Tuesday, October 31, 2017
Tuesday, October 10, 2017
I am currently writing about and working with azee new process called Scagliola, “scal-yo-lah” an obscure 17th century plaster technique. I have been interested in the process for years and finally found a master Scaglioist who had a direct lineage to the Italian tradition of Scagliola, which is different from the German and American variations. Scagliola is traditionally used on walls and flat surfaces but my innovation is to use the process sculpturally. I am also using this sculptural innovation as an extension to my painting based practice. Here is the new work I have completed this past month. I will be posting text about the process soon ~ stay tuned!
Wednesday, June 21, 2017
The Palatine is one of the seven hills of Rome. It is the central-most hill in Rome, rich with history, and one of the oldest parts of the city. The origins of the city began on the Palatine and artifacts that predate the founding of Rome have been excavated there. Its importance cannot be overestimated and yet I came to find a large selection of historical Roman maps rendered the Palatine hill in a vague, ambiguous manner up until the 1600s. The poor rendering of the Palatine hill struck me as metaphorical. The poetics of its poor rendition seemed hold multiple meanings and somehow felt like it connected to my work.
A bit about my recent work: my paintings move between representation and abstraction and depict folded, stacked, and stored blankets intermixed with architectural structural forms such as arches, scaffolds and semi-domes. The forms are rendered ambiguously -- shifting between landscapes, still-lifes, and figurative painting. Within this language of form, I am interested in hidden spaces and dominant spaces. Currently, I conflate the Palatine hill and its palaces with systems of power such as patriarchy.
Looking over the many inaccurate renderings of the Palatine hill, I felt like I was unfolding a hidden place….though what is hidden, I am not sure. Map after map, the hill was never rendered the same way twice. Was this due to the fact that the palaces of the Palatine hill were in ruin? Was it that each draftsperson chose to not look but rather to imagine the ruins? Was it that these ruins were so non-descript that they lead to such vague rendering? I see this as an analogy about how difficult it is to render something that is large and nondescript, with no beginning and no end. A thing that seems to exist yet has no form or shape. It is indefinable and seems infinite. I see a correlation between this and what I think of and render in my work.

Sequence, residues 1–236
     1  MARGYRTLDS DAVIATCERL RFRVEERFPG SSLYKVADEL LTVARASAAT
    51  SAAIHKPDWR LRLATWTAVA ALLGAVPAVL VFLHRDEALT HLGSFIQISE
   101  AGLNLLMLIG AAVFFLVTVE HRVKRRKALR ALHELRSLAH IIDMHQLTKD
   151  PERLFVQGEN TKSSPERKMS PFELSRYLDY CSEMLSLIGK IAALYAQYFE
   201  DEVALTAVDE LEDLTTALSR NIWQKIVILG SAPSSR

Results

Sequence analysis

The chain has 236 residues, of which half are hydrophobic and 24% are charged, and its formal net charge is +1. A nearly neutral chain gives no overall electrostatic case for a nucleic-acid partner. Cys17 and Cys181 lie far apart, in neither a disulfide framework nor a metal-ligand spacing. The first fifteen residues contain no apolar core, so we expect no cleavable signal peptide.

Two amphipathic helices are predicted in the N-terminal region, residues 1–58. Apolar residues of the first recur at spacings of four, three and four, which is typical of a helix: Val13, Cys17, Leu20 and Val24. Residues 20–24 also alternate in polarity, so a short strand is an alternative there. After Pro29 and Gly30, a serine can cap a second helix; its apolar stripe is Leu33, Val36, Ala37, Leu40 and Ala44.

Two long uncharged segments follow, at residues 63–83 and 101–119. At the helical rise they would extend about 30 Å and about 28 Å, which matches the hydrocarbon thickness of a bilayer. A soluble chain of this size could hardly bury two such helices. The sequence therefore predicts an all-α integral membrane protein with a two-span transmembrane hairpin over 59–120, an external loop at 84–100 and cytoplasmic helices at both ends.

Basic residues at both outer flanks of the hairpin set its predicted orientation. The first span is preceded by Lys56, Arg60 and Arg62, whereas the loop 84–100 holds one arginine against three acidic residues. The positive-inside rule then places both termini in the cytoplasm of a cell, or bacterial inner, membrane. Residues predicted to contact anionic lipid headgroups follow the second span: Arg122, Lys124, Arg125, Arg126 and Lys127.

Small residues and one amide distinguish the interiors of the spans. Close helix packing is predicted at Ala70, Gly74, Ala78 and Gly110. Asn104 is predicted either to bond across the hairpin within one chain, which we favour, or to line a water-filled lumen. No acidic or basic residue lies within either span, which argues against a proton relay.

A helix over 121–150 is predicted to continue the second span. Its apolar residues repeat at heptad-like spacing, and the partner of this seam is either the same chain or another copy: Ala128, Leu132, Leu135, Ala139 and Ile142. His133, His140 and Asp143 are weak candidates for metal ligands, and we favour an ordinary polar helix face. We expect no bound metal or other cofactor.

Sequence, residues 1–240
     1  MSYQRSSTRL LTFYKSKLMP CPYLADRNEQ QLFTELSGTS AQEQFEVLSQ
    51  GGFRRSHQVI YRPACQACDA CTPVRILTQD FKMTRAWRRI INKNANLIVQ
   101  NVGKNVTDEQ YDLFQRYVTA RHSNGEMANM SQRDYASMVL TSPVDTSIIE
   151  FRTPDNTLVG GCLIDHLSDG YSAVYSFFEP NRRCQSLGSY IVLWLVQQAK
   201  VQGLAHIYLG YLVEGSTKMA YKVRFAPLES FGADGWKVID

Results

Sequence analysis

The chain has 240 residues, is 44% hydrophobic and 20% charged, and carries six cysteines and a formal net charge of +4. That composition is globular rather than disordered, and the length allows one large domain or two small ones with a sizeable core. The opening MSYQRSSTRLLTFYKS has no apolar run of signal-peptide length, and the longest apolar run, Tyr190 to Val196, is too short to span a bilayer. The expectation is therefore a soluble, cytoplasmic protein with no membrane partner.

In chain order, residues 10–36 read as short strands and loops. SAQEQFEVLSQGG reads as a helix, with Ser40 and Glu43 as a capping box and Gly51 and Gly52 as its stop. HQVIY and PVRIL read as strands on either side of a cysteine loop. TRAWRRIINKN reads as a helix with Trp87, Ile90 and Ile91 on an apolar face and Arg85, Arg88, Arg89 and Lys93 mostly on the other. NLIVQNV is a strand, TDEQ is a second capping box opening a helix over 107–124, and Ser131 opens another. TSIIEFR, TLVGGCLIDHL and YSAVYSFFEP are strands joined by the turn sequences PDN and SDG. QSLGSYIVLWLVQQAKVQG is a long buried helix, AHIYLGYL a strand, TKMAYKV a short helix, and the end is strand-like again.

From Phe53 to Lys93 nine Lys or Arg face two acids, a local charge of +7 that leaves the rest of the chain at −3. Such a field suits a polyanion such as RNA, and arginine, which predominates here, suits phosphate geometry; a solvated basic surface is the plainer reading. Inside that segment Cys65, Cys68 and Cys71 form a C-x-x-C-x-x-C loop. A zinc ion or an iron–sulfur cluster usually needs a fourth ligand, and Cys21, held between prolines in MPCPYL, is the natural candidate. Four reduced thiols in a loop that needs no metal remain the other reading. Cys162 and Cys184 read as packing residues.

While I looked at the maps, I also became interested in this hill as a site for forgetting. Due to their ruined condition and ambiguous forms, the artist had to handle these remnants as abstractions. What to do but to invent what it is? When accuracy is the impetus for the action of map making, what does one create when certainty is an impossibility? From actual form, the map makers render blobs, lumps, and vague wall forms with a few arches, a window-like hole, and even scratchy marks. Instead of looking, they looked to their imagination to make a hint instead of render. It is an act of looking and looking away. Sometimes we go to abstraction to explain the unexplainable or vast.
The act of looking away has its own power and history with this hill. The Flavian Palace, aka Domus Flavia, was built by Emperor Domitian, who, after a long and authoritarian reign was assassinated by his own senate. They quickly decreed that “his inscriptions should everywhere be erased, and all record of him obliterated”. This order is known as a “damnatio memoriae”. With this thought in mind, the fog that surrounds the hill is somehow fitting. I see similarities between the “damnatio memoriae” decree and my use of the Flavian ruins for my own meaning. I am erasing what was before to make a new association that will mingle with some remnant of the original.
As a way into expressing this idea, I colored and cut up the maps, thus highlighting the ruins’ shapes. Highlighting in a pinkish purple, the resultant ambiguous forms seem hard to fathom, hard to define and hard to control. Forms that were intended to display power and divinity of an absolute ruler are now funny blobs in a cheery pink.
I also made a separate page in which I highlighted the Colosseum in the same color for contrast. You can see that which is recognizable -- such as the Colosseum with its similarities to a wheel on its side -- is something that is easily remembered and recorded. It is graspable.
As I worked on this image in Photoshop, what I found intriguing is that the ruins of the palace became abstractions of “ruin-ness”, an ideal of that which is a ruin by each artist. To render a thing that is ambiguous leads to abstracted form. My takeaway from this is that like many things that are ambiguous, the need to avoid a clear rendering (because it is unknowable) is a logical path taken. Your mind becomes a stand in for the real; this stand in is idealized and abstracted. Something about this reminds me of larger ambiguous forms such as patriarchy or systems that seem to shift out of reach and are difficult to know or navigate, let alone to change or eradicate. The history of this ambiguity of rendering the Palatine hill is a precedent that I continue in my work.
The Presence of “Damnatio Memoriae” in Roman Art, Lauren Hackworth Petersen, Notes in the History of Art. Vol. 30, No. 2 (Winter 2011), pp. 1-8
Le Piante Di Roma I, II Amato Pietro Frutas, Istituto Di Studi Romani, Proprietà Leteraria E Artista Riservata 1962
Ancient Rome in the light of Recent Discoveries, Rodolfo Lanciani, Benjamin Bloom NY, 1888, 1867